Titus Andronicus: “The Airing of Grievances”
As an English major with a Philosophy minor, I can’t help but feel a certain kinship to Titus Andronicus. After all, they draw their name from a frequently-overlooked, even maligned Shakespearean play, and even quote the Bard himself at the end of their new album’s opening track. The same album ends with a song called “Albert Camus,” nicks lyrics from The Stranger, and makes more than a few passing references to existentialism.
But if they take obvious inspiration from The Bard, they borrow just as much from The Boss. Despite the academic stuffiness that their name and their subject matter might imply-not to mention the genteel delicacy of their album title, The Airing of Grievances-Titus Andronicus is loud, rowdy blue-collar rock, with the E-Street band as an obvious touchstone, and even some passing similarities to U2, at least in their arena-ready bombast, if not in their actual sound. But they’re not a Springsteen knockoff, not really; Titus’ music is much more overblown, violent, and dramatic than anything Bruce has ever attempted. They paint in the broadest possible strokes, crafting larger-than-life choruses out of messy guitar riffs, thundering drums, and liberal helpings of harmonica and organ, with a vocalist who yelps and slurs his way through these songs like Conner Oberst aping Craig Finn. It’s a raucous, beer-swilling good time, high on energy and low on subtlety, and the vocals are buried deep within the mix, giving it a hazy, inebriated feel that captures the band’s raw, live sound.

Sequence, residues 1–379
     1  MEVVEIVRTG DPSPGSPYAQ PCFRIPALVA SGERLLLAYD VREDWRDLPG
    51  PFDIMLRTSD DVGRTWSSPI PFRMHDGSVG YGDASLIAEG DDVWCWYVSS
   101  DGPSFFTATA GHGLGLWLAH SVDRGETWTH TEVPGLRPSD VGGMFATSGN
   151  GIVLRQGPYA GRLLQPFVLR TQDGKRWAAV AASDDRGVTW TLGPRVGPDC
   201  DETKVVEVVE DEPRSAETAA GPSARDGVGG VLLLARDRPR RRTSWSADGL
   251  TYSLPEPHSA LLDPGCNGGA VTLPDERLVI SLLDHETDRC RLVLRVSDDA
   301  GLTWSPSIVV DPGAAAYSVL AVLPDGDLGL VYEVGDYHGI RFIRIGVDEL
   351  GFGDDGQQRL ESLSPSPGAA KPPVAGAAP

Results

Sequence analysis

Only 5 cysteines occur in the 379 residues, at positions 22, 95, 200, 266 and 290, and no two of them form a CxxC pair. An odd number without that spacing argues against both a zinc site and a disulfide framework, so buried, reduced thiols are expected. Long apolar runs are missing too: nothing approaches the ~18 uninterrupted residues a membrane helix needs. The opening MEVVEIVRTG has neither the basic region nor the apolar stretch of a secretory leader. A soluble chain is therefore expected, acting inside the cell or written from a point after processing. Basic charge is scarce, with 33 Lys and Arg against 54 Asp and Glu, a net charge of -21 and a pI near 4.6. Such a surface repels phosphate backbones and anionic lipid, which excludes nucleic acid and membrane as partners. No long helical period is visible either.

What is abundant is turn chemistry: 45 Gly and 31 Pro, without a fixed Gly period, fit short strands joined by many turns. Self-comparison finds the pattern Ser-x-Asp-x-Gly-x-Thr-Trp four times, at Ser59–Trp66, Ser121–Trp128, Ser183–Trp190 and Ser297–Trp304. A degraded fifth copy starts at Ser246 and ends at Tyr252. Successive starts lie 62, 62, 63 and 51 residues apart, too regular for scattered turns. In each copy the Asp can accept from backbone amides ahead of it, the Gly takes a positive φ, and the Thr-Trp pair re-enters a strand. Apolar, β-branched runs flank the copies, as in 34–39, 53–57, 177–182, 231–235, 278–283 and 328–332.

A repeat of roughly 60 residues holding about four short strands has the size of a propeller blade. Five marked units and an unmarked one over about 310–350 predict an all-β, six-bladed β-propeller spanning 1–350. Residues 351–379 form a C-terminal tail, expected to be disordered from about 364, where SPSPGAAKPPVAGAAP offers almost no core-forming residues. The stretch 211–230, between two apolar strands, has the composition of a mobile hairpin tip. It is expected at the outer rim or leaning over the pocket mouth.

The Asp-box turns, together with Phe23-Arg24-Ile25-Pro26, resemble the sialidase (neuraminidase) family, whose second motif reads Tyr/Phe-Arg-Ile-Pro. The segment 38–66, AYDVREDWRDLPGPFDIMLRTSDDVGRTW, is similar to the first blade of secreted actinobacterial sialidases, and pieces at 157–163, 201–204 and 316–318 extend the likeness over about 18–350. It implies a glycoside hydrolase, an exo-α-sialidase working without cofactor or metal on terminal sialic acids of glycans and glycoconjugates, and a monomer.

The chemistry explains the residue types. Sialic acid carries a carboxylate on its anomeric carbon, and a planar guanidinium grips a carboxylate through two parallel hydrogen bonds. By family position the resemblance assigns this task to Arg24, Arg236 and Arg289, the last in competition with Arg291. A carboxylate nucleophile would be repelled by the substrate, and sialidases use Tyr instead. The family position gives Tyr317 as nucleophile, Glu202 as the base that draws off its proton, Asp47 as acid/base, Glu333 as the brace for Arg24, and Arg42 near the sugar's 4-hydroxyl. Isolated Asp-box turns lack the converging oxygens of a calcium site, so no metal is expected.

And it’s a good thing the music packs such a punch; were it any less wild and wooly, the darkness of the lyrics would threaten to capsize the entire thing. The worldview of Titus Andronicus is not a pretty one; apparently all their philosophy classes have led them to disbelief in God, in justice, in any meaning at all, and so there’s a potent sense of nihilism-part embittered, part resigned-that hangs over the whole record. First song “Fear and Loathing in Mahwah, NJ” is the sound of pure menace, an anthem of sin without consequence; the next song, “My Time Outside the Womb,” is just as hopeless as its title suggests. The album’s rallying cry: “Your life is over!” It’s hardly an inspiring record, but it’s certainly a cathartic one; these lyrics may be rife with frustration and meaninglessness, but they couldn’t have found a better soundtrack than Titus Andronicus’ soul-stirring, fist-shaking ruckus. Even though there’s no hope to be found in the words, the mere fact that they’re still singing-and making such a spectacular noise-is proof enough that they haven’t given up just yet. And that’s what ultimately makes Titus Andronicus’ peculiar brand of postmodern blues worthwhile; there’s a genuine sense of release here, a powerful outpouring of raw, primal emotions that invites the listener to howl along, fist pumping in the air, and-for those of us who don’t think life is meaningless-to pray for better times.